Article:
A pioneer in soil research and Conservation Agriculture, Dr. Rattan Lal paved the way in one of FAO’s key areas of work
Growing up on a small farm in India, Dr. Rattan Lal experienced much of the hardship faced by today’s smallholder farmers. His family didn’t have running water or electricity, but he explains, “We never missed it because that was the way everybody lived.”
As a farmer, his father struggled with irrigation challenges and the related issue of saline soil, both of which Lal later realised could be remedied by improving drainage of the land. But it wasn’t until after years of studying that he began to understand and teach the world about the fundamental role of soil.
In fact, a Nobel Peace Prize* and a World Food Prize later, Lal has changed the way we view sustainable soil management and has trodden new ground in what we now call Conservation Agriculture (CA), an approach that can play a huge role in restoring the world’s neglected soils, capturing carbon and combating food insecurity.
At its core, CA minimises soil disturbance (which means reducing tilling), provides permanent soil cover and diversifies crop production, all of which can contribute to enhancing biodiversity, reducing water use and improving soil health.
Conservation Agriculture plays an important part in how FAO supports small-scale farmers in Africa, Asia, Latin America and the Caribbean. The benefits of this approach are numerous, from increased yields and reduced costs for farmers to healthier soils and greater carbon sequestration. Lal came to understand all of this and has since endeavoured to spread the word.
In the 1970s, when Lal was working for the International Institute of Tropical Agriculture (IITA) in Nigeria, he discovered that by eradicating ploughing practices and simply covering the soil with crop residues he was able to produce five tonnes of maize per hectare every season; local farmers could only manage one tonne. Yet, for some reason, they still wouldn’t adopt CA practices.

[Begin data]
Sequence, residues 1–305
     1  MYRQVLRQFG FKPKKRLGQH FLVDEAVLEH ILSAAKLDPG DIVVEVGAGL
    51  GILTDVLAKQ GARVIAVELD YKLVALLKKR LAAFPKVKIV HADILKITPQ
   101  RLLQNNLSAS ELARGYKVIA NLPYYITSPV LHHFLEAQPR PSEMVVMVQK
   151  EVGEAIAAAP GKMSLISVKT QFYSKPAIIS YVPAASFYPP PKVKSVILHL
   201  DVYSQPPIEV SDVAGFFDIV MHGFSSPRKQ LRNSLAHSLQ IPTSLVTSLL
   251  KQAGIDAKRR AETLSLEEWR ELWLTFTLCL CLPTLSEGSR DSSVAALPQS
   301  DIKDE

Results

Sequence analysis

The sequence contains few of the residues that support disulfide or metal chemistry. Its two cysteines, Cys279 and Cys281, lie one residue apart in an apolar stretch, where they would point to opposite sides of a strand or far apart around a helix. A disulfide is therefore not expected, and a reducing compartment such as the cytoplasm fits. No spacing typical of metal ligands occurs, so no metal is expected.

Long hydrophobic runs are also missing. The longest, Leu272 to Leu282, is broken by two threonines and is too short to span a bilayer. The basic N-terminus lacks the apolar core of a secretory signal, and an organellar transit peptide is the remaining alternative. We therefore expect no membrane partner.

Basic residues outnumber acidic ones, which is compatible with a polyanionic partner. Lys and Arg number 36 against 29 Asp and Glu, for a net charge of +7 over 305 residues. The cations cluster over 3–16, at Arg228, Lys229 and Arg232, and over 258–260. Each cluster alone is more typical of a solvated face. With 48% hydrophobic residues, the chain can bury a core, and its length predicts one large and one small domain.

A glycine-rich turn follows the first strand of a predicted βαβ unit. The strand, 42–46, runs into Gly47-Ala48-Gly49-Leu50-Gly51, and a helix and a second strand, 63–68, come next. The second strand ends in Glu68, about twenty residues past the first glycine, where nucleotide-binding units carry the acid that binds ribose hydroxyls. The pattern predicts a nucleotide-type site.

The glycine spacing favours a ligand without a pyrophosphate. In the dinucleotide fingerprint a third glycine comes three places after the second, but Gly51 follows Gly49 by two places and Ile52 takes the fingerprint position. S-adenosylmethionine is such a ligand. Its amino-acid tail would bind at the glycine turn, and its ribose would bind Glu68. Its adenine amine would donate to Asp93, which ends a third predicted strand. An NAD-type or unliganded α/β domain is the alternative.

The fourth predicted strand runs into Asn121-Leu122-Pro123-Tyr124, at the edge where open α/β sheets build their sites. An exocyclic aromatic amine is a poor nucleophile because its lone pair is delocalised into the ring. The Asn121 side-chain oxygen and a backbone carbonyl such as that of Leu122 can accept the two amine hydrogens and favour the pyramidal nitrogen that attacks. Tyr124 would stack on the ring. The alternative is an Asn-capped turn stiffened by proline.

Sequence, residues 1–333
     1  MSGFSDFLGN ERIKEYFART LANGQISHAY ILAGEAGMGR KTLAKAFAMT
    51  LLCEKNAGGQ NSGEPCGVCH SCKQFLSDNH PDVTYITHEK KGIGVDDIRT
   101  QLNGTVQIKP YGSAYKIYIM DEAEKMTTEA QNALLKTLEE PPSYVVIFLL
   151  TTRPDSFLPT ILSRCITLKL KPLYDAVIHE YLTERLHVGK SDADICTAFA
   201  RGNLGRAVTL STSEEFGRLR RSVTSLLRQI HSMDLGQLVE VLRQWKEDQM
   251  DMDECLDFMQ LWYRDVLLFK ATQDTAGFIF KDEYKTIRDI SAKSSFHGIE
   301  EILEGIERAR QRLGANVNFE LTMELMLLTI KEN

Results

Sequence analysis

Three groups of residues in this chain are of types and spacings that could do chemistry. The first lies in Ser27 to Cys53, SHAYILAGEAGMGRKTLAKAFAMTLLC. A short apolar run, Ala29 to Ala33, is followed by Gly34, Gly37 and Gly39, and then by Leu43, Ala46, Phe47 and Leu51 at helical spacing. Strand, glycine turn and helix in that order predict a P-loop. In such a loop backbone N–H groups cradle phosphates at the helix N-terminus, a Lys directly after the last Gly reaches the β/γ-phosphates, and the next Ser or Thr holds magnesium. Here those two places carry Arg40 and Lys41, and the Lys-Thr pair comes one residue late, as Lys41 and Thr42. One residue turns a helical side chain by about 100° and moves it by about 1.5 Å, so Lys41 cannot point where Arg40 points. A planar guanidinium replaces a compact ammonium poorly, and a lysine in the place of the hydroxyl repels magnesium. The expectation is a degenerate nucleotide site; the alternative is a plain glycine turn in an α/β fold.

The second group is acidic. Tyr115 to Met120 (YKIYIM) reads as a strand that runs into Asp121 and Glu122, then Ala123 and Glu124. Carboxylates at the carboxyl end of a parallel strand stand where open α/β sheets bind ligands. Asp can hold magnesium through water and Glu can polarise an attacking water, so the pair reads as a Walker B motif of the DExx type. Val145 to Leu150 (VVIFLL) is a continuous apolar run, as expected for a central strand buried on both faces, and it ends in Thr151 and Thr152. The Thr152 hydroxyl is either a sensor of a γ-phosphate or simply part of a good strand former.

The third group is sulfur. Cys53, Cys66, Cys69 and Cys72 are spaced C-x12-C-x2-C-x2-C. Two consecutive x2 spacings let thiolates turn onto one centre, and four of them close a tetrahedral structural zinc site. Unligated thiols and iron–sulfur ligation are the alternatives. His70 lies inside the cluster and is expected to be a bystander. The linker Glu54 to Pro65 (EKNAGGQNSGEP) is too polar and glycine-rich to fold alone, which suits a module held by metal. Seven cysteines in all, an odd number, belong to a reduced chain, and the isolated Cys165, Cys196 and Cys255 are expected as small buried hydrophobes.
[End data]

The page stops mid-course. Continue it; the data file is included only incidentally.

He put this down to a distrust in no-till agriculture. Over forty years later, FAO and other organisations like the African Conservation Tillage Network (ACT) are scaling up CA practices in Africa with much more success.
For instance, through the project Strengthening coordination, scaling up and governance of Conservation Agriculture in Southern Africa, FAO is increasing the adoption of CA among farmers.
Given that this region is warming at twice the global rate, there is a pressing need to strengthen food systems and increase the resilience of farmers, many of whom practice either small-scale or subsistence farming. To do so, the project is boosting collaboration between governments, NGOs and development agencies, meaning that FAO and its partners are better able to document and share CA knowledge and best practices with farmers.
A recent example of such a collaboration comes from Zimbabwe, where FAO and the NGO, Foundations for Farming, have been supporting the government in its ambitious target of training 1.8 million farmers in CA.
“I see no reason why Africa cannot become the breadbasket of the world,” Lal says.
Restoring neglected soils
Over many years, soils have been neglected: monocropping and the improper use of chemicals have depleted the essential nutrients and microbes found in healthy soils. To reverse this trend, Lal insists that farmers should first manage soil fertility through organic matter.
“Farmers don’t return what they take away and consequently soils are degraded. People are a mirror image of the soil they live upon: their health is also equally affected.”
When it comes to land use, he insists that we have more than we need – we just don’t use it properly.
“This idea of producing more and more and wasting more and more is a crime against nature. The ideal philosophy is producing more from less: less land, less water, less fertilizer, less pesticide, less greenhouse gas (GHG) emissions, less wastage.”
Although he admits that soil and CA alone will not offset GHG emissions, “Restoring carbon in soil and trees is the lowest hanging fruit and has many core benefits: food and nutrition security, improved water quality and greater biodiversity.”
“If we employ science-based practices, no-till, cover cropping and CA,” he says, “agriculture has to be a solution to climate change.”
Ultimately, Lal believes the role of soil is far too fundamental to ignore.
“Soil is a living thing: 25 percent of all biodiversity is in soil,” he says. “And like any living thing, soil should also have right to be protected, restored and managed properly.”
Lal is incredibly optimistic: he’s glad to see a growing appreciation of soil and praises international efforts to combat climate change.
“FAO and other organisations are now recognising the importance of soil: my recent [World Food Prize] award is testimony enough to this.”
As the climate changes rapidly in many parts of the world, FAO is encouraging the adoption of more resilient and efficient production systems such as CA. If the world’s small-scale farmers are to achieve food security, soils must play a key role. This is why FAO promotes sustainable soil management through initiatives such as the Global Soil Partnership and celebrates World Soil Day – held annually on 5 December – to raise awareness on the importance of soil resources.
* Dr Rattan Lal was recognized with a Nobel Peace Prize Certificate for his contributions to the Intergovernmental Panel on Climate Change (IPCC), the Nobel Peace Prize co-laureate in 2007.